In a literary motherlode, Lethem redefines the classic amnesia story, once little more than getting a bump on the head—but not in the hands of these masters. These masters? Umm? Vladimir who??? Nabokov! Yes, of course. He wrote—he wrote—let’s look it up. “That in Aleppo Once . . .,” a title taken from Haml . . . uh, Othello. Perhaps we’d best just quote from Lethem’s lead-in where he compares modern authors handling amnesia to earlier tale-spinners: “. . . try imagining Emily Brontë [and Heathcliff on a bad day] if she’d scrutinized her characters with the neurological vocabulary available to writers like Philip K. Dick, Lawrence Shainberg, and Dennis Potter”—all included here. What’s important to know is that amnesia is fiction: the amnesiac finds himself leading a fictional life! Remember that. Now hear this drumroll: Martin Amis, Shirley Jackson, Walker Percy, Jorge Luis Borges, Cornell Woolrich, Flann O’Brien, Edmund White, Oliver Sacks, Haruki Murakami, Anna Kavan, Thomas M. Disch, Donald Barthelme, Russel Hoban—and that’s only half of them!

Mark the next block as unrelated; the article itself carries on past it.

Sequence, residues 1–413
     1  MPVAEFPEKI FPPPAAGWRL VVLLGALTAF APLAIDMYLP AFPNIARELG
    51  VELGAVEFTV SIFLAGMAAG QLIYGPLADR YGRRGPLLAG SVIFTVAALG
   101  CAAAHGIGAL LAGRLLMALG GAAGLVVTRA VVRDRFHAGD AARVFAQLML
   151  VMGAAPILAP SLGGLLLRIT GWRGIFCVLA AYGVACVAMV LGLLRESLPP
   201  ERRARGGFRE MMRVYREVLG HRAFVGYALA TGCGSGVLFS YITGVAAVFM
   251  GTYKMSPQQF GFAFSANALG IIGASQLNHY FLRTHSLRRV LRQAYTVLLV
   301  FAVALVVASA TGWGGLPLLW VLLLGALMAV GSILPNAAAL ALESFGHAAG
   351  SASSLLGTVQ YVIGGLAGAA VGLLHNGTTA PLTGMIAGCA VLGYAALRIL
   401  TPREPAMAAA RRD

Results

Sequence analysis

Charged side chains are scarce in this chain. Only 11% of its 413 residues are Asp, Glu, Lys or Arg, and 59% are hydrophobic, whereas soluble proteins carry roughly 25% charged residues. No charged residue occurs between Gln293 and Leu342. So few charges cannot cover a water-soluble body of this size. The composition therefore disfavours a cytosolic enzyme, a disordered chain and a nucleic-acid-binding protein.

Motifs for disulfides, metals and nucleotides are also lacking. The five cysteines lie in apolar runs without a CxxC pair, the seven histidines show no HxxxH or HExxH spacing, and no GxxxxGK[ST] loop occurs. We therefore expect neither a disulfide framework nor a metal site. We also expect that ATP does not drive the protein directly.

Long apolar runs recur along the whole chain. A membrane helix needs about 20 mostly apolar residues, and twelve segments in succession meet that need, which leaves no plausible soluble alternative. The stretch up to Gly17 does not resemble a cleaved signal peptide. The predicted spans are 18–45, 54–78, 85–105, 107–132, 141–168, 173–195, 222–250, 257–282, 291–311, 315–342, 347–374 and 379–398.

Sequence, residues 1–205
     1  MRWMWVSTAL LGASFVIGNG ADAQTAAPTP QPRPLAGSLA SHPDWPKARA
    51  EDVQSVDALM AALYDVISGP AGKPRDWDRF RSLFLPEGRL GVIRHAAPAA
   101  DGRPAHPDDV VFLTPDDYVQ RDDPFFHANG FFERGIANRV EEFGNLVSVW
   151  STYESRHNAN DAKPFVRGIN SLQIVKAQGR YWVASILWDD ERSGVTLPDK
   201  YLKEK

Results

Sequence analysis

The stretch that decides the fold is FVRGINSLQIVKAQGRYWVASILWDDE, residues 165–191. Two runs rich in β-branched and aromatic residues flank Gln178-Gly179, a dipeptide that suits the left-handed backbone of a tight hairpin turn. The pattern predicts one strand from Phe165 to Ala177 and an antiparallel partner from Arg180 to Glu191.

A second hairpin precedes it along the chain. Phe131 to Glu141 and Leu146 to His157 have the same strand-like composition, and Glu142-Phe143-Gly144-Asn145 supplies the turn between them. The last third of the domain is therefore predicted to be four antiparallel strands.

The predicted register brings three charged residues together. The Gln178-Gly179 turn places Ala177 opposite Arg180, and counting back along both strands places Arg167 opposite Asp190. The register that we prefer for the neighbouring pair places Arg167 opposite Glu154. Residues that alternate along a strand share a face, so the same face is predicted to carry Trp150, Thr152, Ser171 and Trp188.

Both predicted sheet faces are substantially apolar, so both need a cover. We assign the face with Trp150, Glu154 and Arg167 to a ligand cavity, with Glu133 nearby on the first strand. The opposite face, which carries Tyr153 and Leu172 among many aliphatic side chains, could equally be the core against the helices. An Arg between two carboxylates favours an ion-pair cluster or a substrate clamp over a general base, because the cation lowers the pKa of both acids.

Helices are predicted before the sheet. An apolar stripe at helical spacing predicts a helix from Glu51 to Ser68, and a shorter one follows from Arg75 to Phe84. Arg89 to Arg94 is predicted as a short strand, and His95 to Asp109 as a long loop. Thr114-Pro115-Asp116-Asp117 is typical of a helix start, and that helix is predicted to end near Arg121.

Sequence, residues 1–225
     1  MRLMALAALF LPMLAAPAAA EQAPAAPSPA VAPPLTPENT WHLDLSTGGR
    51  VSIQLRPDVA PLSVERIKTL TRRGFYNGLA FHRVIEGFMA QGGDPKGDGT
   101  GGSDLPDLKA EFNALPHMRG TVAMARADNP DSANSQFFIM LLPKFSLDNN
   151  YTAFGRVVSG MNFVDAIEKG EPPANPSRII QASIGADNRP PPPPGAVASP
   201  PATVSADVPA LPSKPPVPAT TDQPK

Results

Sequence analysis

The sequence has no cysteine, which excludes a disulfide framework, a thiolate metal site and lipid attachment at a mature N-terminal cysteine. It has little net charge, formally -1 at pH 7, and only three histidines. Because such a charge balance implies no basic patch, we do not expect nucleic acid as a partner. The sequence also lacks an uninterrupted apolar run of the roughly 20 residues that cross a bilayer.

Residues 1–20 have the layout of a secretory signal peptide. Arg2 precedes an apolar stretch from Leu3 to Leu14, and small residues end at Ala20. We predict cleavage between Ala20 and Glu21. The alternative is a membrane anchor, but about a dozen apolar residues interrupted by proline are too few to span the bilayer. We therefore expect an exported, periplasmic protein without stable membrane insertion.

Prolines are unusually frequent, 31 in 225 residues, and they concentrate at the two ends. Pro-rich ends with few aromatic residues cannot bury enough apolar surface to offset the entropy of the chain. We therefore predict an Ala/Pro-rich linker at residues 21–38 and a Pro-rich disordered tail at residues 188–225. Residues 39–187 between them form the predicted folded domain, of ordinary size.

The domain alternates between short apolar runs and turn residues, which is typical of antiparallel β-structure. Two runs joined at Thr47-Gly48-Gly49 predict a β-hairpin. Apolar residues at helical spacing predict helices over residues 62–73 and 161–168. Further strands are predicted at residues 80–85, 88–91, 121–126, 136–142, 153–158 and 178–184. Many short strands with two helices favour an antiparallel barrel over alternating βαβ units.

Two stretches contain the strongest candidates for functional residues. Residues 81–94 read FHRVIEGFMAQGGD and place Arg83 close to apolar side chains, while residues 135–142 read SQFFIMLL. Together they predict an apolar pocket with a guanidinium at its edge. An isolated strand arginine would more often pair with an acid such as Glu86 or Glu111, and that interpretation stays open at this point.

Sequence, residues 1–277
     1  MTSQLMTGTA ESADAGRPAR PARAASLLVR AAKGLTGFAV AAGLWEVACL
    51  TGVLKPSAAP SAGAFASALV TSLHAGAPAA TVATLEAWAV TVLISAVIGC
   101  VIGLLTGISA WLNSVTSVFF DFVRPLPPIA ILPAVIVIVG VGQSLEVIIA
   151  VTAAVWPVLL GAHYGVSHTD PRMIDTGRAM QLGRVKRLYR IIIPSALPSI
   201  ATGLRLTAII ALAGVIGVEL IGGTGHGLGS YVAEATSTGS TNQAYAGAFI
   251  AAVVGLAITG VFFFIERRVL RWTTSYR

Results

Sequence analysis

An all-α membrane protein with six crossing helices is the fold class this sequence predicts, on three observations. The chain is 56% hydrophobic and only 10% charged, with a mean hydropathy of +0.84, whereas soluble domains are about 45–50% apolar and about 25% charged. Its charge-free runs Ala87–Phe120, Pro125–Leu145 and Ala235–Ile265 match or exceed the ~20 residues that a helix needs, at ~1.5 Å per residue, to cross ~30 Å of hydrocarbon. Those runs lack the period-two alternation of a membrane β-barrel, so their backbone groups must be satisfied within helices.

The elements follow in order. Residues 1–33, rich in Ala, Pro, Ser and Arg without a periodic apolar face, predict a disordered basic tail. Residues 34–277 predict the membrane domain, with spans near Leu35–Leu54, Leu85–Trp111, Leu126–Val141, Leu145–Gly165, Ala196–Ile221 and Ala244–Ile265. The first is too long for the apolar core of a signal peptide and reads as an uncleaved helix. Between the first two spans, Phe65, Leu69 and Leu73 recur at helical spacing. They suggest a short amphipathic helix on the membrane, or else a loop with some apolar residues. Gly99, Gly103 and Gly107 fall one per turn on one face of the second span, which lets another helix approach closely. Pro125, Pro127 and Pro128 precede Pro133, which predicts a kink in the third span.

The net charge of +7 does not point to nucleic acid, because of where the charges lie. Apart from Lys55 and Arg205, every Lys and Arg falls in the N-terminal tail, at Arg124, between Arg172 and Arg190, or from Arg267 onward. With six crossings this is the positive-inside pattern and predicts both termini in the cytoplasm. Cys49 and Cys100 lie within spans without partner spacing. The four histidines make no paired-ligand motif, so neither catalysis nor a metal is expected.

Now write this reminder down. I must order this anthology of memory loss. I need it. I really, really need it.